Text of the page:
No conference games at Memphis or SMU. No traveling to South Florida or UConn for a "big" conference matchup.
It took nearly 40 years after deciding to leave Lafayette, Colgate and the Ivies behind, but Rutgers arrived at the apex of college athletics' pecking order the moment Monday turned into Tuesday.
There may be better football in the Southeastern Conference and the best basketball programs arguably reside in the Atlantic Coast Conference, but make no mistake, there is no better, nor any more stable conference than the one Rutgers is now in.
The Scarlet Knights are in the Big Ten. Officially.
Pinch yourself. The RU screw never happened. Murphy abolished his law. There were some major potholes, a few lengthy never-seem-to-be-ending detours, but the time arrived.
In the world of college athletics, Rutgers hit the lottery, and this isn't a lump sum payout thing. Rutgers gets yearly payouts, and the numbers should enable Rutgers to change its look, its future and its fortunes.
Full shares of the conference television money won't come for seven years, but the build-up will allow Rutgers to be better situated financially within two years. And when those full shares come, which could be worth as much as $45 million annually (compared to less than $3 million in the American Athletic Conference), it should boost Rutgers athletics in a variety of ways.
The television money and the increased non-media revenue (ticket sales, merchandising, etc.) should prove to be another type of financial windfall that will allow Rutgers to begin planning upgrades to a number of facilities, as well as the potential to build a new football center, which in turn, will allow the non-revenue sports to take over the Hale Center.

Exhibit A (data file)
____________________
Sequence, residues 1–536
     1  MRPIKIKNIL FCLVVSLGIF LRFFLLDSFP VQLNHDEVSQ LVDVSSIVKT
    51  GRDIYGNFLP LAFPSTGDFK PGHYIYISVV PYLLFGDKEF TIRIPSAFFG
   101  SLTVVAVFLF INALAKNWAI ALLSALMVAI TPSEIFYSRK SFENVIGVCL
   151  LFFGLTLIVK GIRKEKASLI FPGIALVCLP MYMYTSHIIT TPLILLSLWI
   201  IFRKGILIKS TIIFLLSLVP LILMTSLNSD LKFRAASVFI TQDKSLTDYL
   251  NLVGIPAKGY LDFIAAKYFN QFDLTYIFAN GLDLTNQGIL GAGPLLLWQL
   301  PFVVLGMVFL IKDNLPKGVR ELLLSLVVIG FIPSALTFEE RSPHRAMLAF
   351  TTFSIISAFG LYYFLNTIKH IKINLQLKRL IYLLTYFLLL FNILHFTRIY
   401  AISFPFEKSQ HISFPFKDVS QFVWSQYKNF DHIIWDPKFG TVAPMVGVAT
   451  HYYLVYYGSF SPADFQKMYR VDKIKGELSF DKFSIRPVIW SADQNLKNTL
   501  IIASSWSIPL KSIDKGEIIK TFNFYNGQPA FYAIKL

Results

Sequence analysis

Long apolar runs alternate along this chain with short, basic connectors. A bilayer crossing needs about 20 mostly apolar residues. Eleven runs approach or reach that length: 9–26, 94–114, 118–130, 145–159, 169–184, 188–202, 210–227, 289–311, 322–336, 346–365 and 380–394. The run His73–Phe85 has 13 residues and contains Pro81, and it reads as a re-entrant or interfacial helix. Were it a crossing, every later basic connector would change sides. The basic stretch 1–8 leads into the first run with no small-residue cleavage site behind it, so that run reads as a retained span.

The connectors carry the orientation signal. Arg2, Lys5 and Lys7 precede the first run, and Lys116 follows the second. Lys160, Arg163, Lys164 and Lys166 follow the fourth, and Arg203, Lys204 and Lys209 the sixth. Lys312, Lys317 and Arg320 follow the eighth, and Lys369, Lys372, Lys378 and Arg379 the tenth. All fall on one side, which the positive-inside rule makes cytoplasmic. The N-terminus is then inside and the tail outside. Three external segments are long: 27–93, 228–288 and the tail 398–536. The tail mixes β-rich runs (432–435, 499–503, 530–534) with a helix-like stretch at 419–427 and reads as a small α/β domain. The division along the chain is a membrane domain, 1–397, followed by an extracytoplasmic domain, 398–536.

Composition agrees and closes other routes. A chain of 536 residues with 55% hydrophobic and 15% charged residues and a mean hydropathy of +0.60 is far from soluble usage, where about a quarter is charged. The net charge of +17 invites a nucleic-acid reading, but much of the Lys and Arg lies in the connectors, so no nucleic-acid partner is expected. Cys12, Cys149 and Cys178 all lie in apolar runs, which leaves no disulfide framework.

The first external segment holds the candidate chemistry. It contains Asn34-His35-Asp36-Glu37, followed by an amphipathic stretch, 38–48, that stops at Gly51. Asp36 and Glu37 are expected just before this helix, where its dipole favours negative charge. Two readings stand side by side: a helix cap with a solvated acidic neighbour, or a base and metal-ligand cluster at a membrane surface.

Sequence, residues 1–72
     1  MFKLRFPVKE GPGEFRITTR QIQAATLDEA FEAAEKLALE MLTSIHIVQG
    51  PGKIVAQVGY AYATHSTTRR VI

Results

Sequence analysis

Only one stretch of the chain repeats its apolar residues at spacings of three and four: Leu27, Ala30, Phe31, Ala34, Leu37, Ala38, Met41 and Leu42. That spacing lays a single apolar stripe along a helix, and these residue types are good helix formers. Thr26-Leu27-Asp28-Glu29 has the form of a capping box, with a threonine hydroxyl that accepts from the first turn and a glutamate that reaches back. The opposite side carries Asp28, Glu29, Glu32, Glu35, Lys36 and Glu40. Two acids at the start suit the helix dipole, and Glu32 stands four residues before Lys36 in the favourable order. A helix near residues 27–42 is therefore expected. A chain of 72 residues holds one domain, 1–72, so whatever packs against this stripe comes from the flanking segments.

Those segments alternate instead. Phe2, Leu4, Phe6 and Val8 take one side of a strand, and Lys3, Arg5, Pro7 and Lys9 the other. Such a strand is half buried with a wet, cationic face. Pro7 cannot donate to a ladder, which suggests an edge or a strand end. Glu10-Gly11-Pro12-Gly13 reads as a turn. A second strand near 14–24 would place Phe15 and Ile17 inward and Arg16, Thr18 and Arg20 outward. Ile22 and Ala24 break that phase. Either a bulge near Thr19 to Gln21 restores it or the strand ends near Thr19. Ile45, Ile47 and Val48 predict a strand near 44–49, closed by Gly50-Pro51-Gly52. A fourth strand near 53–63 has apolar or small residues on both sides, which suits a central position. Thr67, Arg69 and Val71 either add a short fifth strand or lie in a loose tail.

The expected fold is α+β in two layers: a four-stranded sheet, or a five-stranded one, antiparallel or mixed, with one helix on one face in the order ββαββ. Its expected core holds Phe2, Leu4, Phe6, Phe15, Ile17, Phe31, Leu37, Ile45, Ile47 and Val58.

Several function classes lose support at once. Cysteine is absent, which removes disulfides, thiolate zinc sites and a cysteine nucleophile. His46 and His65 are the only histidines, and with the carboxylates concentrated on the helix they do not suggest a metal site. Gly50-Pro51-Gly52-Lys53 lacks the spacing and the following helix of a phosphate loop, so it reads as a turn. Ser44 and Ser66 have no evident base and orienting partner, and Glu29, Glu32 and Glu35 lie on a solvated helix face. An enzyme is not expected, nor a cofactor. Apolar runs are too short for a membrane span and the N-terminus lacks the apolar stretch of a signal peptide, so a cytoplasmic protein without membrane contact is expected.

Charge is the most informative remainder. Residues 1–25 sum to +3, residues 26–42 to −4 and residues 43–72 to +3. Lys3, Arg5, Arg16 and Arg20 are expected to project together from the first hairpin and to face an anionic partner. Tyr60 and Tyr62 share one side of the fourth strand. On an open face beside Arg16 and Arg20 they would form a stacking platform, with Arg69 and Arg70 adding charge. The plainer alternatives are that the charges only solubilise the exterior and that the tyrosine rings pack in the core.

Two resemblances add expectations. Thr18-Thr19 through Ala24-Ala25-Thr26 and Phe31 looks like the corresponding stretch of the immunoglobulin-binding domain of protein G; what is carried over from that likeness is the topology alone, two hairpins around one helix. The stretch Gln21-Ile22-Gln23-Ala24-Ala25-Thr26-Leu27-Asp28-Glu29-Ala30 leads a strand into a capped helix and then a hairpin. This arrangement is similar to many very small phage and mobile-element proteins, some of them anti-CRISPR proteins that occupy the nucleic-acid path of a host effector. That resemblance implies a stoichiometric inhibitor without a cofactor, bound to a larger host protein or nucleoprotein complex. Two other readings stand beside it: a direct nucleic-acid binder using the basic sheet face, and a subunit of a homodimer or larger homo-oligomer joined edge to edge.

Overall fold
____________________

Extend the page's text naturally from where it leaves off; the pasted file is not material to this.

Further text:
In the dream scenario, the financial windfall would also be the impetus not to renovate the antiquated Rutgers Athletic Center, but to build a new basketball arena.
Seeing the likes of Michigan, Ohio State, Nebraska and Penn State regularly on the field at High Point Solutions Stadium is only the beginning. Indiana being a regular visitor to the RAC for basketball, or Ohio State, Iowa and Penn State making treks to the RAC for wrestling only tell part of the story.
The Big Ten brings name recognition, and more importantly, enormous credibility.
The path that led Rutgers to this point is 40 years in the making. From Fred Gruninger's decision to remain in the Eastern Eight rather than accept an invitation to the newly formed Big East became the foundation for poor decisions and worse luck.
Two years after the Big East opened its doors, the Eastern Eight was in dire trouble and led the Scarlet Knights to the Atlantic 10, and then a split membership as football went from independent to the Big East while the other sports remained in the Atlantic 10.
When Rutgers moved to the Big East as full-fledged members in 1995, it was supposed to be a panacea for what ailed the athletic programs, particularly basketball, but the renaissance never took place.
The lure of bigger football money and television contracts eventually led Boston College, Miami and Virginia Tech to the Atlantic Coast Conference, but the Big East survived by increasing its number of basketball members to 16, and while football wasn't a focal point, it remained a competitive and viable avenue to the BCS.
The irony of it all, though, is Rutgers was one of the reasons the Big East finally imploded. Rutgers was a driving force in the breakup of the Big East, which started the re-alignment carousel. The Scarlet Knights voted against ESPN's television package proposal, which led to the defection of West Virginia to the Big 12, and then Syracuse and Pittsburgh to the ACC.
So less than two years ago Rutgers was privately very concerned it could lose a seat at the national championship table, and where it would get television from if it were stuck in the AAC.
Now, the Scarlet Knights are heading to the Big Ten the most stable, prestigious and financially lucrative conference in the nation.
Whether Rutgers is ready for it now is inconsequential. Where it will put the Scarlet Knights in 10 years, and well beyond, is the end game of this move.